"Who are you trying to fool that you haven't read Hamlet before?" says Jerry. And he's right, of course. I've read Hamlet more than a few times.

But it's different every time I read it, like catching up with an old friend. I always find a different reaction to the text. This time I forced myself not to read the footnotes or any material other than the text itself. I'm a bit of a footnote junkie, which is why I love the Arden editions. But this time would be just the play, just my reaction to Hamlet.

My reaction? To question my own reaction.

I read the play as most "right-thinking" theatrepeople do these days. I read the play as a taut, plotted Jacobean Revenge Tragedy. It's a thriller and a murder mystery. It's an action flick much closer to Gibson than Olivier. "To be or not to be" isn't a meditation on suicide, it's a strategem designed to deceive the people Hamlet knows are spying on him. To me, Hamlet is a play of politics and surveillance and murder.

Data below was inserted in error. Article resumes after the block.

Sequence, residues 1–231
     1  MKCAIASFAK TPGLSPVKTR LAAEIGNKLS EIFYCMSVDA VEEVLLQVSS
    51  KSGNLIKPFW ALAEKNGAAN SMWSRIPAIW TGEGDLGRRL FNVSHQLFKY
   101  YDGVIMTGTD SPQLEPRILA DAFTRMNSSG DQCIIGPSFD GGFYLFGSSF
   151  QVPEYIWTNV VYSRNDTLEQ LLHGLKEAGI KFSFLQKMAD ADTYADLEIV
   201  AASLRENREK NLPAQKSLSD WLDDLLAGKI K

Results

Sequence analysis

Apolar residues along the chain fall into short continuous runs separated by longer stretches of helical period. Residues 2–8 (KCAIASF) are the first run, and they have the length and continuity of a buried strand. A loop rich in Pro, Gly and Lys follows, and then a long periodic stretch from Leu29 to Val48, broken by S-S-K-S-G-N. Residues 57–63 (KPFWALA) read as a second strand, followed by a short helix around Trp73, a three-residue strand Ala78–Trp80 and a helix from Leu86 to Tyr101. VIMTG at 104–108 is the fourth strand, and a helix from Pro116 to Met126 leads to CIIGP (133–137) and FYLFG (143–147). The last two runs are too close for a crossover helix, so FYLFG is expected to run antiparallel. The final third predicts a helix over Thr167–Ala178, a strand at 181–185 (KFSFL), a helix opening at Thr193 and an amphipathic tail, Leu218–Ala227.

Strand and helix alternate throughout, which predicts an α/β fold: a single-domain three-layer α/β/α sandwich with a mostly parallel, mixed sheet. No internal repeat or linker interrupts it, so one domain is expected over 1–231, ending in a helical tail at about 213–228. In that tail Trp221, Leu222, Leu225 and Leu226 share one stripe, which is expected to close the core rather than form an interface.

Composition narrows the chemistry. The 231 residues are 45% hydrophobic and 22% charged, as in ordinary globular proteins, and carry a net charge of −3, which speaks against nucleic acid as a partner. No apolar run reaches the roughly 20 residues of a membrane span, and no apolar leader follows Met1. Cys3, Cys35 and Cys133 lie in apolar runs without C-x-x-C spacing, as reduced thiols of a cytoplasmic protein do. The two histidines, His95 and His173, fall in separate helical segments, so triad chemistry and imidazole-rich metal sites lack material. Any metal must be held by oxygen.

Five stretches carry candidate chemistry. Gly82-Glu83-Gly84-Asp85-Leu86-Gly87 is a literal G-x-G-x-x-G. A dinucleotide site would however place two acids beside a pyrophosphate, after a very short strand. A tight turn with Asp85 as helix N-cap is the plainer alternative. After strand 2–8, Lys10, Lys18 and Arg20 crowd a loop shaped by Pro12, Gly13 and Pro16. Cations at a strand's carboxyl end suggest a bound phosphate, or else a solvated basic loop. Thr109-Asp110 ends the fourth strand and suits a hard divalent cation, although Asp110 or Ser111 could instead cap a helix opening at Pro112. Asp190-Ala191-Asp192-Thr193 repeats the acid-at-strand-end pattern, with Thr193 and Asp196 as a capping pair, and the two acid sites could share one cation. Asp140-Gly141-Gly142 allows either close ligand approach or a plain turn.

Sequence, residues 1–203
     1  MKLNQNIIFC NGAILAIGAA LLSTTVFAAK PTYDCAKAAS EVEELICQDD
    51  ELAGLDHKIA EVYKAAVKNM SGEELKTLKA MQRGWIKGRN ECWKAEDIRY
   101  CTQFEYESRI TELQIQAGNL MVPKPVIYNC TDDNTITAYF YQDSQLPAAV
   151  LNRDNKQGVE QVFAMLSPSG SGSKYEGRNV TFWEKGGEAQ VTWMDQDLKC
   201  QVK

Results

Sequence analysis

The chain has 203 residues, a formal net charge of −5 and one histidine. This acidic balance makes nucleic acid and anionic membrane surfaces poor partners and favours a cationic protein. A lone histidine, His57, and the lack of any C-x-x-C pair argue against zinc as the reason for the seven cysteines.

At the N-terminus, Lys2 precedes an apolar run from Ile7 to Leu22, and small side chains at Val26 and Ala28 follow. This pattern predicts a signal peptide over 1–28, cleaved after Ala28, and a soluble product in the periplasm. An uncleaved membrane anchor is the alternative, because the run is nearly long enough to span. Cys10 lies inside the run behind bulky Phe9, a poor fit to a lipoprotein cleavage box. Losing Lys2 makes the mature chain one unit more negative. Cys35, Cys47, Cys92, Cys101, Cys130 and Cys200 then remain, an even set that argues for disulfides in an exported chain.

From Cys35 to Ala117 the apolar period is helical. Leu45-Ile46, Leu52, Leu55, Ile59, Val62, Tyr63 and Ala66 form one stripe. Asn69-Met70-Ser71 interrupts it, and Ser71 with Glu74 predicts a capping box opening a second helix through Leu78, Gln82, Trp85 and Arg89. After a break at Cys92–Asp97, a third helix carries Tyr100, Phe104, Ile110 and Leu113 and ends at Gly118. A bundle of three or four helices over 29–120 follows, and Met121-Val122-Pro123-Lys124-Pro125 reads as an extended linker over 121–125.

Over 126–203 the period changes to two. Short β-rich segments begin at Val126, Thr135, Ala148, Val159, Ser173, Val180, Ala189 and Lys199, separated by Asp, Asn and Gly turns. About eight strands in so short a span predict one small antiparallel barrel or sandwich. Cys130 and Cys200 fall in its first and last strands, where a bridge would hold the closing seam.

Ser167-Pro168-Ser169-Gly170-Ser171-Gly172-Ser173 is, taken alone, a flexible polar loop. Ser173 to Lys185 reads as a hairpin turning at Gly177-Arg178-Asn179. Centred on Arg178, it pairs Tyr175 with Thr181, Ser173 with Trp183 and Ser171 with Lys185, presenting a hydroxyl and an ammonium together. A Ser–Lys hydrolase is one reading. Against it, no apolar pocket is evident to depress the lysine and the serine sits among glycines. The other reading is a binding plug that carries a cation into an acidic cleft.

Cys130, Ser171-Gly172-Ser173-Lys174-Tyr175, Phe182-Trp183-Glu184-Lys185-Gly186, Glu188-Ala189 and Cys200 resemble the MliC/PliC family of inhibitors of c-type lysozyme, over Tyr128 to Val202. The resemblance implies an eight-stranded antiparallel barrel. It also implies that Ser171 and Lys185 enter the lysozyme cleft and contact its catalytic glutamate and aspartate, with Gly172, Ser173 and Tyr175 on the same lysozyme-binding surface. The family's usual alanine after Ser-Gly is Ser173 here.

But am I just trapped in our "modern" interpretation? We like to think all those earlier generations that saw a lyric poem and a madman were wrong. But I wonder what Hamlet will be 100 years from now and what my granddaughter will think of my interpretation. We think we see so damn clearly, like we finally were the ones to figure it out. We think that the advice to the players reflects our sensibilities ... but didn't every generation?

We may have figured out our Hamlet, but Hamlet remains. It'll be their Hamlet soon enough. What will it be?


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